Of all the characters in the book, Crooks's isolation is the most striking and intense.  Unlike Curley's wife, he has no spouse who even cares where he is or whom he talks to.  Unlike George, he has no one depending on him or listening to him.  Unlike Candy, he has no canine companion.  He cannot even find comfort or companionship with the animals that he tends to, because one of them caused his painful, lasting injury.

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How does Crooks deal with his loneliness in Of Mice and Men?

The black "stable buck," Crooks, who is marginalized from the society of the other men because he is not allowed to sleep in the bunkhouse as they do, spends lonely nights in the barn, where he has fashioned a room of his own near the stalls for the mules. Unlike some of the other bindle stiffs, Crooks is able to read, and he spends many hours in this occupation. Because of the back injury which has awarded him the nickname he has, Crooks spends much time applying liniment to his pained back that was once broken. In addition, Crooks is fastidious, sweeping his meager quarters and straightening things. Even though it is a Saturday night, Crooks "kept his distance and demanded that others keep theirs." In his meager room, a small electric bulb casts a meager light and Crooks reads from one of his books or magazines.

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In Of Mice and Men, Crooks is lonely. What supports that statement?

In the 4th section, or chapter 4, Crooks character is clearly defined. The fact that Crooks has accumulated lots of books shows that he is used to being alone because no one wants to be with him. Being into reading is one way to avoid lonliness. Then, as he begins to talk with Lennie, at first he doesn't want Lennie near him. Lennie really doesn't mean any harm, but Crooks is used to white guys harming him. This guardedness further develops Crooks' lonliness. As you get further into the chapter, you see that Crooks is almost eager to make fun of Lennie because he doesn't have anyone to do that to. He tells Lennie how easy it would be to befriend someone like Lennie because a Lennie wouldn't go tell secrets. He further tells Lennie about his family was alone. He has a few words that really demonstrate his longing for friendship which conversely demonstrates lonliness:

"The thing is, they're talkin' or they're settin' still not talkin'. It don't make no difference, no difference."

Crooks would really like someone to just "set with". But he can't because the guys think he stinks.

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In the novella Of Mice and Men, what is the theme of Crooks's loneliness?

Crooks is the black stable buck character in Steinbeck's Of Mice and Men. He takes care of the horses and mules and lives by himself in the barn. Because he is black, he's segregated from the other men on the ranch, who are all white. He is also the victim of racism. The theme of his loneliness revolves around not having another guy around to talk to as well as the prejudice he faces.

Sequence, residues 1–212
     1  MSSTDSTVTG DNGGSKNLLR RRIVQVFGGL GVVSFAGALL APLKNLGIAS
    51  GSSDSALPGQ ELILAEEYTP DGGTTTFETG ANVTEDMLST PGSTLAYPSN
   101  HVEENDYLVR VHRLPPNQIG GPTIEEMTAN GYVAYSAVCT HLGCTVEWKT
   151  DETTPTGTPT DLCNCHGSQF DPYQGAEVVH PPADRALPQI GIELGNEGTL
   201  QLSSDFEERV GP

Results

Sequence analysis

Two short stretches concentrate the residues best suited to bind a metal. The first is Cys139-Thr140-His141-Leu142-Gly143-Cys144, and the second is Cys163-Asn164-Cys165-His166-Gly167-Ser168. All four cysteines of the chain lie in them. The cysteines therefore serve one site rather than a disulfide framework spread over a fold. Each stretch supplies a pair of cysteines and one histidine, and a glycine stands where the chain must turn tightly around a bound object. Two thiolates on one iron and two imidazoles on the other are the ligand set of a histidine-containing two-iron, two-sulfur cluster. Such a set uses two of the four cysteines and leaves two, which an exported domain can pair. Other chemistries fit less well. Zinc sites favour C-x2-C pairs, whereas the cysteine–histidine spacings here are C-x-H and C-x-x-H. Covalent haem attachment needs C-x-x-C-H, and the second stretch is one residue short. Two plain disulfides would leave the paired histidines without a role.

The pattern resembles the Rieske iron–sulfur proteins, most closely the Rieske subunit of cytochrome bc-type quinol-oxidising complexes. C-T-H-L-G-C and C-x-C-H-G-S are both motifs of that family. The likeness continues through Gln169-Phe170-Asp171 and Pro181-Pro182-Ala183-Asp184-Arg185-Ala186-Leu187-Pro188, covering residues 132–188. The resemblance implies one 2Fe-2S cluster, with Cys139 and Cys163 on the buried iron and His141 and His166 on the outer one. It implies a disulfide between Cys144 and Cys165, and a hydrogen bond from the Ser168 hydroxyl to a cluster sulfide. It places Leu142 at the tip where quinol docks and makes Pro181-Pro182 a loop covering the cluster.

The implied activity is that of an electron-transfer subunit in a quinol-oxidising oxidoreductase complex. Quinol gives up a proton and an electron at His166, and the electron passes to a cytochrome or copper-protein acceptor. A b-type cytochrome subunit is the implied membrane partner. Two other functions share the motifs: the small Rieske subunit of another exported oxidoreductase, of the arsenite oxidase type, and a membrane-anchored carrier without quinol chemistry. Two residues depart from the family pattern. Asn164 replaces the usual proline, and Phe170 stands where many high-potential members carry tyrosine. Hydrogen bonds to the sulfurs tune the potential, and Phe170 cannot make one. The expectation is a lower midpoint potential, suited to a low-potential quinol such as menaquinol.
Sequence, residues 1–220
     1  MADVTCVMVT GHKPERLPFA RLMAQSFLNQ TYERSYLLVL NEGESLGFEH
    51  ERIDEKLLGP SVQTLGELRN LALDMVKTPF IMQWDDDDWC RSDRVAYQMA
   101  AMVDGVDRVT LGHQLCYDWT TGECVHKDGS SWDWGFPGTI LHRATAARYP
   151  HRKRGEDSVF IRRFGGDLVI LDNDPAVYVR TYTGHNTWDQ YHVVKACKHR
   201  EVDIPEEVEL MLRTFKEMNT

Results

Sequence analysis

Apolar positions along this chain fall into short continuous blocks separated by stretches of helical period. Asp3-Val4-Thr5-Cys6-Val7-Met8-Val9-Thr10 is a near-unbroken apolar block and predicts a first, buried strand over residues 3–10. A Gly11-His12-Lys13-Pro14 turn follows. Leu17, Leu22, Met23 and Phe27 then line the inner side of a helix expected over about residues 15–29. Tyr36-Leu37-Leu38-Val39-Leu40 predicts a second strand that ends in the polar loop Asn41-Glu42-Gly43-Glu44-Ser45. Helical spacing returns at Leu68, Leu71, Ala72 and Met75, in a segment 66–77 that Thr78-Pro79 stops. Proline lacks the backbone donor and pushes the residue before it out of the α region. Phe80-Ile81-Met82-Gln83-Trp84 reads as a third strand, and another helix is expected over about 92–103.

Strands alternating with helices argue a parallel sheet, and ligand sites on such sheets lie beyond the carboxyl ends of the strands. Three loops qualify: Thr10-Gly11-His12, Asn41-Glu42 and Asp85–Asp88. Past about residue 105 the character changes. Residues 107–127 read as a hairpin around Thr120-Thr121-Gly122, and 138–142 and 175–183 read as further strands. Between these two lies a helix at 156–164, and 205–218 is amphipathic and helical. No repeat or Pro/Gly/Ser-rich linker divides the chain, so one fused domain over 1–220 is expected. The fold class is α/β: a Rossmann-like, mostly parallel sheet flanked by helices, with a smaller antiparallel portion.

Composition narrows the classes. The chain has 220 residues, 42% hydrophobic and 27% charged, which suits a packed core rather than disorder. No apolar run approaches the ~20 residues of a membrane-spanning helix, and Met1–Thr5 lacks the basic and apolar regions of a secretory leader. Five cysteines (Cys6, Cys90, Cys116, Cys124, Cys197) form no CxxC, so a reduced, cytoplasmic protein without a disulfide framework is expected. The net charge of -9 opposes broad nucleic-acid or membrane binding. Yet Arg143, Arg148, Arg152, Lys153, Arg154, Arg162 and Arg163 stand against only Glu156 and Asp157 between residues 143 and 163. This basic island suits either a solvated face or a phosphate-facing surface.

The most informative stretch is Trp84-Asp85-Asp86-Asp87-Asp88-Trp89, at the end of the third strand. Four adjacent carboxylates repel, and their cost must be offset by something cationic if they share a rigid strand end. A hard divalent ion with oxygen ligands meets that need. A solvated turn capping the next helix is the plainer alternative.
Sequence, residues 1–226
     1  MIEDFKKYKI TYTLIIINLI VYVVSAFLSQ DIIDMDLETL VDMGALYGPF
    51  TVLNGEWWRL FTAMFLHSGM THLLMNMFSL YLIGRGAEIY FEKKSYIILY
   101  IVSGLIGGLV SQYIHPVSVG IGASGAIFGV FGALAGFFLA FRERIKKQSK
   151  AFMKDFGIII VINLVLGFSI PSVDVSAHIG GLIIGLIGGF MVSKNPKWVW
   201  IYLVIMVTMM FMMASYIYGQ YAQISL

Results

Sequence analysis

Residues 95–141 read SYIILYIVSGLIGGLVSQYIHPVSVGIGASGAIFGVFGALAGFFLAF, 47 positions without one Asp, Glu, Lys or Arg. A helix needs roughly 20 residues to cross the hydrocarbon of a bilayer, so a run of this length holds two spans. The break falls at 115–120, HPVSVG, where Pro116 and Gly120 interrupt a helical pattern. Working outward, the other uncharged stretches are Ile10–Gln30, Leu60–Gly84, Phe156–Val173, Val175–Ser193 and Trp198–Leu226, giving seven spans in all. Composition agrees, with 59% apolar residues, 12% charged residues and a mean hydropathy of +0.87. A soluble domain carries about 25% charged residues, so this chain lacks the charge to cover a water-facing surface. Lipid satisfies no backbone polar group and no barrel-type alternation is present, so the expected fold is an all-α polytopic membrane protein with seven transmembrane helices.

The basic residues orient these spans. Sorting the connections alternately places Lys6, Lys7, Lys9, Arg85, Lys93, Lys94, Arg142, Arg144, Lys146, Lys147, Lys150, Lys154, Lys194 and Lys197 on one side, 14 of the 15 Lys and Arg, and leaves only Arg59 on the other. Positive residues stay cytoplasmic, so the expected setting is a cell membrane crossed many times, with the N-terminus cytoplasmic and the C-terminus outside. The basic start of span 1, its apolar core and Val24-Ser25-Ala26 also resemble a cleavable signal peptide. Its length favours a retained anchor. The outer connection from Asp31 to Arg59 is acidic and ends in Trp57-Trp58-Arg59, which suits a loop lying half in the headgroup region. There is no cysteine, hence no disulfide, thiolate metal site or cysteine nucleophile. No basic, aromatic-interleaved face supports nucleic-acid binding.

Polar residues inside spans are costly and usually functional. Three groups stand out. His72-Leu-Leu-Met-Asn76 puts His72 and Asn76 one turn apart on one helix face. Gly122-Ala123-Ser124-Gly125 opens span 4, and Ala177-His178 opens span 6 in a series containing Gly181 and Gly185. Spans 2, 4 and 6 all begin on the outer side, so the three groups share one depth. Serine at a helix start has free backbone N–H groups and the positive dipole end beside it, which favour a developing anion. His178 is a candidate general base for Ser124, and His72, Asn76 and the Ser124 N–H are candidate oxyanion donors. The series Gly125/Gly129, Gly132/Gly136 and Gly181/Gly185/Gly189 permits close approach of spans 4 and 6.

He is envious of George and Lennie because they travel around together and have each other as companions, sharing experiences and conversations. Crooks expresses this envy when he's talking to Lennie in his room in the barn in chapter four:

"I seen it over an’ over—a guy talkin' to another guy and it don’t make no difference if he don’t hear or understand. The thing is, they’re talkin’, or they’re settin’ still not talkin’. It don’t make no difference, no difference.” His excitement had increased until he pounded his knee with this hand. “George can tell you screwy things, and it don’t matter. It’s just the talking. It’s just bein’ with another guy. That’s all.” 

Crooks also experiences the loneliness of someone who is considered different. Just as he is dreaming of joining George, Lennie and Candy on the farm, Curley's wife reminds him of his otherness. Like Crooks, she also experiences segregation and is treated as an outsider. It is ironic, then, that she should point out to Crooks that he is inferior and that any attempt on his part to mix with the white world will fail. When he tries to get her out of his room, she lashes out at him:

“Listen, Nigger,” she said. “You know what I can do to you if you open your trap?...Well, you keep your place then, Nigger. I could get you strung up on a tree so easy it ain’t even funny.”

At the end of the chapter Steinbeck paints the picture of Crooks alone in his room. Like Candy, who also loses the dream when Lennie accidentally kills Curley's wife, the reader must assume Crooks will remain lonely.